Tuesday is Election Day and there are three candidates vying to be the next District 6 Boston City Councilor. Take the poll and vote for your preferred candidate. The three candidates are Winnie Eke, Kendra Hicks, and Mary Tamer. Click here to read Part I and II of a Jamaica Plain News Q&A with all three candidates.
Voting for the president is often the first thing that comes to mind when most of us think of taking political action. While it’s true that voting for the highest office is important, the changes that most affect our day-to-day lives are happening here in Boston. The primary elections for the Boston City Council and mayor are September 14. Boston City Councilors represent and support us as the connector between the people and city hall for issues and services directly related to Boston. Our local elected officials are the ones who dictate the local laws, policies, and budgets that affect us the most.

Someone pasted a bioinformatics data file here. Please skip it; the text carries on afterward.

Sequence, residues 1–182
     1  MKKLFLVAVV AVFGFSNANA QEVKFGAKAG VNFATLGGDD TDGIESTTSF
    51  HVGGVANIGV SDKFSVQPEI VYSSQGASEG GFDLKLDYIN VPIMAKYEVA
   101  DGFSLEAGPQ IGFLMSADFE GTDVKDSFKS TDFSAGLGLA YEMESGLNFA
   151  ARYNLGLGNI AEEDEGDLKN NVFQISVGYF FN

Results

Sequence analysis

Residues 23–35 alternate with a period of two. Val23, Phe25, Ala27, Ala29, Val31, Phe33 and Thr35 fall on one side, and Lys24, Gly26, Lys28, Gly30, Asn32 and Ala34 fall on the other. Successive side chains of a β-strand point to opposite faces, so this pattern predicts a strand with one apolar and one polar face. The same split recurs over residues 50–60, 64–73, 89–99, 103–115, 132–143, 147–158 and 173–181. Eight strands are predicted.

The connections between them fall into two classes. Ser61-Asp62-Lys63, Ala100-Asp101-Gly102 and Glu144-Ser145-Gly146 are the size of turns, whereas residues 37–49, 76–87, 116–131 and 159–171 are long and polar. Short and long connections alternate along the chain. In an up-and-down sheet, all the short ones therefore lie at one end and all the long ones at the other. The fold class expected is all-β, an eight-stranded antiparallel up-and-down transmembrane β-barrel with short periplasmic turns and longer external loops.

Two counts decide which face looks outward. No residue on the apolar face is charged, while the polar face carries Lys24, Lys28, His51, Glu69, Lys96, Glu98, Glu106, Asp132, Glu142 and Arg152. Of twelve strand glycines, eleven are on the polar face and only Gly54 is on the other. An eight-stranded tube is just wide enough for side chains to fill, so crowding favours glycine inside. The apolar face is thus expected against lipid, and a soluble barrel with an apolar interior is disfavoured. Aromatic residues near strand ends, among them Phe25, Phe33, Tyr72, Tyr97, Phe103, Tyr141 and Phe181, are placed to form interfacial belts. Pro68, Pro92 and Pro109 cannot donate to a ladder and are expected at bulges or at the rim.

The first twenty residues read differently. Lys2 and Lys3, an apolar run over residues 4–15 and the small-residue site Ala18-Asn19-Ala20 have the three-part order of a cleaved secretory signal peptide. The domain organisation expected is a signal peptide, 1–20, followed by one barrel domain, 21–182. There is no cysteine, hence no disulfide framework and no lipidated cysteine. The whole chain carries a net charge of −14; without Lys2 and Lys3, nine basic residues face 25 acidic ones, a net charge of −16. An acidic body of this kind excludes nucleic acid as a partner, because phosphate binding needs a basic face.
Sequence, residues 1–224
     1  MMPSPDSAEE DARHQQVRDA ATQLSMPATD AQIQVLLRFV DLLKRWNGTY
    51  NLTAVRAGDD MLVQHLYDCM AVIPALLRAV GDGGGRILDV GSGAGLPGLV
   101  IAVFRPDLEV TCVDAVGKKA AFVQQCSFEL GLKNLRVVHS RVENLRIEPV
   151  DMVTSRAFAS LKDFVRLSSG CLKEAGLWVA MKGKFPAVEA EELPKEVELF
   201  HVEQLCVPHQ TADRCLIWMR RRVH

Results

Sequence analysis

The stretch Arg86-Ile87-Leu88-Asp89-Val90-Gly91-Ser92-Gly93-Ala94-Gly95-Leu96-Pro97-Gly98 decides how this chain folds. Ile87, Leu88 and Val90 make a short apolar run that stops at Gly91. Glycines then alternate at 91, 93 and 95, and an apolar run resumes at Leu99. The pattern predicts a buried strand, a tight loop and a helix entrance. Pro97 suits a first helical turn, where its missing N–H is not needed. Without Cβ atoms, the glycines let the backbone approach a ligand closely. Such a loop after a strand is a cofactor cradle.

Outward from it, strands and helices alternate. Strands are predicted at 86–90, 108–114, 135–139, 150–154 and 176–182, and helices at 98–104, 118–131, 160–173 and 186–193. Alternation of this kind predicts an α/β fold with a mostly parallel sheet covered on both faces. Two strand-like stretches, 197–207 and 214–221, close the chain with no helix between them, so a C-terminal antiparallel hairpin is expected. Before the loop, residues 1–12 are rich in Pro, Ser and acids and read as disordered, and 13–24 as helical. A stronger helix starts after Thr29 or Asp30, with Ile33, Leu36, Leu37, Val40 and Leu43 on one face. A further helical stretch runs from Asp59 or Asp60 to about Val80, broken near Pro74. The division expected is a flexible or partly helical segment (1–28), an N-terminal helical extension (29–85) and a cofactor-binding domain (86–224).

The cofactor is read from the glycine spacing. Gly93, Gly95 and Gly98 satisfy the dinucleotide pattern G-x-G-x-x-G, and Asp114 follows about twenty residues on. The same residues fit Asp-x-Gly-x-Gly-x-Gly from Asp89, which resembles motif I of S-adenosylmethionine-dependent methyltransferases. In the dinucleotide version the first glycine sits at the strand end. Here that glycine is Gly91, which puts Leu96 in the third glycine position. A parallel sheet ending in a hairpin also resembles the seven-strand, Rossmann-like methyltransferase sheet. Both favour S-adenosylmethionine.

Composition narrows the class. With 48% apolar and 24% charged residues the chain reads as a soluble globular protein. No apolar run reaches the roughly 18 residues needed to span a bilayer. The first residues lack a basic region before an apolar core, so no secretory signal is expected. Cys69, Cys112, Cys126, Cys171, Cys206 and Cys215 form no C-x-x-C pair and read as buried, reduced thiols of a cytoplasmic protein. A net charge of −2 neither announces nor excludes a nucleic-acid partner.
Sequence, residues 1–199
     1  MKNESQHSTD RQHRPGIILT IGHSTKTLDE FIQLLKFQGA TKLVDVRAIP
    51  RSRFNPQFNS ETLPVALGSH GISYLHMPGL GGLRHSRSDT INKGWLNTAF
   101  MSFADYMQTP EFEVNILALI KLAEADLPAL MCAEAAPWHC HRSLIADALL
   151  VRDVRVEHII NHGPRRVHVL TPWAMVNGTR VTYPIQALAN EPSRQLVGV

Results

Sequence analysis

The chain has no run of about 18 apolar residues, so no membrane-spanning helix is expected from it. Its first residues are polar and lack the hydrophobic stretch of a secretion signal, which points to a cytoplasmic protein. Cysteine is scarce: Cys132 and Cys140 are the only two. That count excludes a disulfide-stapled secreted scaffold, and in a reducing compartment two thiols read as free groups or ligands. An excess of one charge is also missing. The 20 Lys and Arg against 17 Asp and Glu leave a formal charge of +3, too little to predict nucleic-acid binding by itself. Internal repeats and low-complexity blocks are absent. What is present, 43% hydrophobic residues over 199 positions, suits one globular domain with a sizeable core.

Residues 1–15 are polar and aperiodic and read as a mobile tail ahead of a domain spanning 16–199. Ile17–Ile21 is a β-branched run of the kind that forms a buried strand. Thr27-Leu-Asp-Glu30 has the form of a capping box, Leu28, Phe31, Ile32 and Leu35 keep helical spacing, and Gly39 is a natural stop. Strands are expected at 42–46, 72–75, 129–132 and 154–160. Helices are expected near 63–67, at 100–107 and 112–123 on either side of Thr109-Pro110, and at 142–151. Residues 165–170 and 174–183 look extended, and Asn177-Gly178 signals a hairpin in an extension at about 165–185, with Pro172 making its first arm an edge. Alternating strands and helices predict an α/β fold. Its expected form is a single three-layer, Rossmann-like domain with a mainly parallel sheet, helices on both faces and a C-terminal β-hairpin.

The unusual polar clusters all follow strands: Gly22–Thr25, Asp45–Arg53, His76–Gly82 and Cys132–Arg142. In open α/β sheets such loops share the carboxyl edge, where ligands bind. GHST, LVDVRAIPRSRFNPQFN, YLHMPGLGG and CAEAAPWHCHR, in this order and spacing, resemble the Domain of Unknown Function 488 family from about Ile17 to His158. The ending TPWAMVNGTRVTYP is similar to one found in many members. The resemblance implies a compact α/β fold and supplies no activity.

The three candidates for the Boston City Council District 6 seat will be participating in an online candidates forum hosted by Ward 11 and 19 Democratic Committees on Aug. 31. Winnie Eke, Kendra Hicks, and Mary Tamer are vying for the District 6 seat which is being vacated by Matt O'Malley, who chose not to run after 10 years in office. Click here for Part I and Part II of Jamaica Plain News' Q&A's with the three candidates. Tuesday night's forum starts at 7 pm and will focus on questions that are of particular concerns to District 6.
There are three candidates for the Boston City Council District 6 seat being vacated. Winnie Eke, Kendra Hicks, and Mary Tamer fielded the same questions via email from Jamaica Plain News. Click here to read Part I.
September 14th is the preliminary election. Residents can register to vote up to 8 pm on August 25th. Click here to register to vote.